Marija and I arrived home late this afternoon (Monday 22nd July 2019) from our week away in Perth in Western Australia. We spent 6 nights at the Hyatt Regency Perth. This was NOT a radio adventure, but a one week holiday in Perth.
For overseas readers, Perth is about a 2,700 km drive from my home in the Adelaide Hills across the Nullabor Plain. We flew via Qantas which took us about 2 and 1/2 hours. The map below shows my home in Adelaide and Perth on the west coast of Australia.
We activated just the one park while we were away, the Matilda Bay Reserve VKFF-2825, which is located about 6 km south-west of the Perth Central Business District.
Matilda Bay Reserve is a thin strip of land which covers about 20.6 hectares between Hacket Drive and the Swan River. The reserve extends from Mount Bay Road in the north to the windsurfing ramp at the southern section of the park. It is located adjacent to the suburb of Crawley.
Matilda Bay takes its name from Matilda Elizabeth Roe, the wife of John Septimus Rose, the first Surveyor of Western Australia.
Matilda Bay Reserve incorporates Pelican Point, an important breeding sanctuary for international migratory birds. It takes its name for the pelicans which rest on sand bars at the end of the point. Pelican Point was formerly named Point Currie after Captain Mark John Currie who in 1829 received an allotment of land in the area which became known as Crawley.
During the Second World War, the US Navy had a Seaplane Base at Pelican Point. It was known as Pelican Point Advance Base “A” for “Able”. QANTAS also used five RAF-supplied PBY-5 Catalinas at the Crawley Sea Base.
It is reported that about 20 Bottlenose dolphins inhabit the Swan River and can often be seen from Matilda Bay Reserve. The reserve is also home to numerous water birds including pelicans, swans, ducks, terns, herons and cormorants.
Hans VK6XN kindly picked Marija and I up from Optus Stadium after a guided tour we had gone on there. We drove out to Matilda Bay and set up in the carpark opposite the Royal Perth Yacht Club.
The Royal Perth Yacht Club is the third oldest yacht club in Australia. It can trace its origins back to 1841 when a group of sailors staged a modest regatta to celebrate Foundation Day. In 1865 this original group of pioneer sailors formalised the Perth Yacht Club.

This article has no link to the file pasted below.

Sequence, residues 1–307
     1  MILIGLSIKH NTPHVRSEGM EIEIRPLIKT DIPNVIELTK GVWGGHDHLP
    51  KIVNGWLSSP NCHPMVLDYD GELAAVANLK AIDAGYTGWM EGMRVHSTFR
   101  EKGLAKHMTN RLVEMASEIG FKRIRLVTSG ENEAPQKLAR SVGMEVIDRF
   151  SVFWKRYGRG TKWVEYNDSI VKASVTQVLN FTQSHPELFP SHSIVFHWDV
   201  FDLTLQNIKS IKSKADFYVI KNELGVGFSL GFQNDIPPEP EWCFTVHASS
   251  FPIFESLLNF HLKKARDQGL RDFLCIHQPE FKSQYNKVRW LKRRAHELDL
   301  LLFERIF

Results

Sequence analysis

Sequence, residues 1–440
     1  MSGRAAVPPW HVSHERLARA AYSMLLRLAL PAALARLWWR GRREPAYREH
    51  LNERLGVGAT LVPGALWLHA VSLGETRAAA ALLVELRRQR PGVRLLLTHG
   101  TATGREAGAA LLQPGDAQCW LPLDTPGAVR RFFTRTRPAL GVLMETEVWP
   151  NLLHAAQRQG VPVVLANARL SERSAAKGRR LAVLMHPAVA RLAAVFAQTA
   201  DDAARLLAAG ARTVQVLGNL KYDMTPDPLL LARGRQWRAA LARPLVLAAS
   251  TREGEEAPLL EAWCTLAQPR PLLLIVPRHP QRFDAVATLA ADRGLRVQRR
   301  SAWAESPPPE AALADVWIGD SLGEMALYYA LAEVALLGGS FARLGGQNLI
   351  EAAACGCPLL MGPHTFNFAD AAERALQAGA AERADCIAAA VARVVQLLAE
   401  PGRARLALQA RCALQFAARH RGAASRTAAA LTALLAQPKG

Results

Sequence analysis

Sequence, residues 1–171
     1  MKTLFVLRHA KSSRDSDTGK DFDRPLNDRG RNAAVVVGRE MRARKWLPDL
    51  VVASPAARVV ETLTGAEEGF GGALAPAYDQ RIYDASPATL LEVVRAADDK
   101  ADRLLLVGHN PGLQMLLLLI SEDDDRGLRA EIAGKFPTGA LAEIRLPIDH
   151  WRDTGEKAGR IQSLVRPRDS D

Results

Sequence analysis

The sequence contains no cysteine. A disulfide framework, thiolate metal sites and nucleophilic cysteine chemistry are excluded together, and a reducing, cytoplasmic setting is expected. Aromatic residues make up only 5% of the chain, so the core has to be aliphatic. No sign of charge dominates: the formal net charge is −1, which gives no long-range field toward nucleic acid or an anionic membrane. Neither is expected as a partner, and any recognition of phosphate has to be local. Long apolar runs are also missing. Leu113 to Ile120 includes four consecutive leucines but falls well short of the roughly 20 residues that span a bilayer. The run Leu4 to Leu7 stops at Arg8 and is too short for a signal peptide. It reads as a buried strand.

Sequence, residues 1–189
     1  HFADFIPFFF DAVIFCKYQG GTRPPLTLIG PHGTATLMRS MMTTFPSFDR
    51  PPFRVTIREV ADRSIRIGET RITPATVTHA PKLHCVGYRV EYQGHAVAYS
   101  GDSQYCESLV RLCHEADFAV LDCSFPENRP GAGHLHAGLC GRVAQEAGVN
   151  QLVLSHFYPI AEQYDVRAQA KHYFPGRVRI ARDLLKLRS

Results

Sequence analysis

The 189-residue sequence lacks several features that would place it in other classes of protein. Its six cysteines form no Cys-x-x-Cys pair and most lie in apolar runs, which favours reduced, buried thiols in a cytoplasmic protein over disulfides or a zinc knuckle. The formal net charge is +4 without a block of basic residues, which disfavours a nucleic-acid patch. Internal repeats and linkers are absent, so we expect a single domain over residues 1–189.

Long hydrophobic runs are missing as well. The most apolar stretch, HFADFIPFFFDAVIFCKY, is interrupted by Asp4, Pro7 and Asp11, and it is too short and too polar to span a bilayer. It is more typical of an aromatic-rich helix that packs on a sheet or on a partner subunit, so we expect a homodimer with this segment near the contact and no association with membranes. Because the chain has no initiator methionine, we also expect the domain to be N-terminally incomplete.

In 1983 an Australian syndicate representing the Royal Perth Yacht Club fielded the Australia II, skippered by John Bertrand, against defender Liberty, skippered by Dennis Conner. Australia II won the match races to win the America’s Cup – the first winning challenge to the New York Yacht Club, which had successfully defended the cup over a period of 132 years.
For this activation, we ran Hans’ equipment, consisting of a Yaesu FT-857d and an end-fed wire and a vertical.
We were set up and ready to go by about 0720 UTC (3.20 p.m WA local time). Maria placed a spot up for me on parksnpeaks and I started calling CQ. Sadly we had strength 8 noise on 40m from the park. It made it incredibly difficult to hear a lot of the stations that were calling.
First in the log was Ivan VK5HS in the Riverland region of South Australia, followed by Adrian VK5FANA on the Yorke Peninsula, and then Peter VK5PE. I logged five stations before swapping the mic with Marija. I know there were a lot of stations calling, but sadly the noise was shocking.
Marija’s first contact was with Gary VK6GC/m who was on his way to the park to catch up with us, followed by John VK5BJE in the Adelaide Hills, Marija battled with the noise and logged a total of 6 stations from VK2, VK3, and VK5, before the noise got just too much for her.
I then tried my luck on 20m, logging 3 stations there, Scott VK4CZ, Allen VK3ARH, and Nik VK3ZNK. But again I battled with noise, with strength 7 noise on the 20m band.
It was then off to 80m where sadly again we had strength 8 noise. But this band did result in both Marija and I qualifying the park for VKFF with 10 contacts. I logged 5 stations on 80m, whilst Marija logged 4. The biggest signal on 80m was Ted VK6NTE who was strength 9 plus.
To finish the activation I headed back to 40m where I called CQ on 7.130. Mark VK4SMA was first in the log, followed by Geoff VK3SQ, Peter Vk3PF, Les VK5KLV and then John VK2FALL. It wasn’t long before an Indonesian station popped up on the frequency, so I moved up to 7.135 where I logged Gerard VK2IO/8 and then Andrei ZL1TM in New Zealand.
During our activation, Gary VK6GC and his wife Veronica popped out for a chat.
It was starting to get a bit chilly, so we decided to call it a day. Marija had qualified the park for VKFF with 10 contacts. I had also qualified the park for VKFF, with 22 contacts in the log.
We packed up just after 5.00 p.m. and Marija and I were dropped back into the city to our motel by Hans. THANKS, Hans.
I worked the following stations on 40m SSB:-
I worked the following stations on 20m SSB:-
I worked the following stations on 80m SSB:-
It was dark as we headed back into the Perth CBD. I took the photos below in the carpark adjacent to the Royal Perth Yacht Club.
Ozatwar.com, 2019, <https://www.ozatwar.com/airfields/crawley.htm>, viewed 22nd July 2019
Parks and Wildlife Service, 2019, <https://parks.dpaw.wa.gov.au/park/matilda-bay-reserve>, viewed 22nd July 2019
Wikipedia, 2019, <https://en.wikipedia.org/wiki/Royal_Perth_Yacht_Club>, viewed 22nd July 2019
Wikipedia, 2019, <https://en.wikipedia.org/wiki/Matilda_Bay>, viewed 22nd July 2019
Welcome home and I am glad to have your call and Marija’s as well in my log.
73 John D
It is hard work over there in VK6 compared to the eastern States. Marija’s 10 watts was just making it. Plus the noise floor in this particular park was shocking.
Thanks for the calls.